24: The Preacher’s Kid

24: The Preacher’s Kid

From Chicken Soup for the Soul: Thanks Dad

The Preacher’s Kid

To speak and to speak well are two things.
A fool may talk, but a wise man speaks.

~Ben Jonson

The preacher’s kid. Ah yes, the stuff of movies and stories and jokes: the PK. I’m also a mother, an author, a wife, a friend, even a nurse, but I have been this one thing since I was born and will be when I die: my father’s daughter.

Sometimes we don’t know why we love someone or something or somewhere — we just do. Love that is. It’s okay not to know all the reasons why, but I do know at least part of the reason I’m now a novelist, a piece of the reason I love stories: telling them, listening to them, reading them, taking them apart and putting them back together, and that reason is the preaching. All those sermons. All those Bible studies and Wednesday night services and parables and youth group bonfire lessons. There were too many to count.

There are the harder things that come with this PK title: moving towns, being watched by a thousand parishioners, going to church four to five times a week, enduring religious confusion. Then there are also gifts, and mine was this: I learned the power of story. Because really, what does a preacher do? Tells the same story over and over in as many ways as possible. The bottom line in every sermon is always the same: God loves you. He sent his Son to die for you. That might get a little boring after a while, right? So the preacher must find new and interesting ways to get to the same endpoint every single time.

Sure, there’s variation in the characters and disciples and plagues and sins, but it’s always back to this: God’s redeeming, relentless love.

Who really wants to sit in a pew for an hour and listen to a lecture except by the best preachers, the ones people come to hear, who tell us a story? Does it matter if the story is true? Well, yes . . . sort of, but maybe not always in the most literal sense. What are parables but truth hidden in story? What really matters is The Truth, not whether the particulars of the story are facts. Dad would get so carried away with the story that he’d teach the congregation the Greek word for the English word (as if they cared) and then what that word really meant. He wanted everyone to know what it all really meant, and he somehow knew that this Truth was inside all those words. He might have failed in other avenues of life, but here he never wavered — wrapping words around faith and trust in an unfailing God.

And there it is. The power of story.

His other gift of story to me is less obvious. When I was twelve years old, God apparently told my dad to move the family from Philadelphia to Fort Lauderdale and start a new church (I didn’t hear this particular marching order, so I still doubt it). Now God and I didn’t exactly agree on this subject, so we had a long talk (God and I, not Dad and I) and with me God was silent on the subject. So we moved. In the process of finding the right place to live and the right place to plant the church, I attended four different schools for seventh, eighth, ninth and tenth grades until we finally landed where we stayed, in Coral Springs, Florida.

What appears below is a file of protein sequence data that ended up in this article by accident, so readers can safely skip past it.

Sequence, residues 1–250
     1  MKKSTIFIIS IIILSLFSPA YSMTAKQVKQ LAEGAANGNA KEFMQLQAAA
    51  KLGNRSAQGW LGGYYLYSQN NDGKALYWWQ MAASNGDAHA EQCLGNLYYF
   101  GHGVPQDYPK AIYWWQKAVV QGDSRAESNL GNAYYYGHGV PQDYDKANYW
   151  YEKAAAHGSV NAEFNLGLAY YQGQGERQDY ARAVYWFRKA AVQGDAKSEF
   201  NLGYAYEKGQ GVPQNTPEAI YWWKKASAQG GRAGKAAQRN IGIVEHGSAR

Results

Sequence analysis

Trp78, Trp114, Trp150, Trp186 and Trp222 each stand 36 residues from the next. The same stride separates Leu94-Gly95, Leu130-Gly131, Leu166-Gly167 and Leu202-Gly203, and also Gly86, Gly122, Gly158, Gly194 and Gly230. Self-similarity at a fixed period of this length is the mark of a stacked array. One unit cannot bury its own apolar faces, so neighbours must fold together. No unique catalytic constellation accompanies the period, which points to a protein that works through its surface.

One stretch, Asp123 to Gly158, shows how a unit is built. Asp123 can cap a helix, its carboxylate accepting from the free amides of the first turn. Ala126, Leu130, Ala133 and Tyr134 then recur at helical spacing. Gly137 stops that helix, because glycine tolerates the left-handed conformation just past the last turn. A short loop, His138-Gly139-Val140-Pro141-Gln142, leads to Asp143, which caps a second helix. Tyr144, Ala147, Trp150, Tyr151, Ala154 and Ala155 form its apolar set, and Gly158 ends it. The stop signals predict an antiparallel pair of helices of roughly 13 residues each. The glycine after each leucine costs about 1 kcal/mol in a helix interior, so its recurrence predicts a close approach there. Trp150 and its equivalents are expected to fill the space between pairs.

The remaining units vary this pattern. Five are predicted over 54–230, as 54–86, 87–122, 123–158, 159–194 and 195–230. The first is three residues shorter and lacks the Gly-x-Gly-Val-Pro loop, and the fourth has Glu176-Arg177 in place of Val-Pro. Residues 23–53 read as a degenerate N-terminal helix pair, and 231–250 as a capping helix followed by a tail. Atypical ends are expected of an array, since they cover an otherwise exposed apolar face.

The desperation born of adolescent loneliness sent me into novels and stories. Libraries and small quiet rooms with a book in my hands became my sanctuaries. These books were my best friends, my confidantes. These stories understood the world beyond south Florida, beyond loneliness and into dreams. These books carried my heart and me to better places.

Then there were the days I’d be bored while the cool kids (meaning they had friends) were driving around in their Firebirds and T-top Camaros, while they had dates and went to football games. This is when I’d browse through Dad’s library. Here is where I found C.S. Lewis. Not literally, of course. Mr. Lewis had departed from this world the year I arrived. But his words were there just as if he sat with me. I read The Screwtape Letters and understood the truest power of story — how sometimes the thing that needs to be said is best said with fiction.

When I finished my first novel, Between the Tides, the last person I had in mind to thank was my dad. I’m the one who rose at four in the morning to write while my babies slept; I’m the one who toiled away for years on the art and craft of words to write a single novel. I’m the one who fell in love with words, and the way they sound and move and come together.

But there is a beginning for all loves: a first encounter; a first moment; a beginning. There is always a beginning. And my love affair with story and words began with and because of my dad.

So let me thank Dad for not only showing me the power of story, but also offering me the chance to lose and then find myself in its magic.

~Patti Callahan Henry

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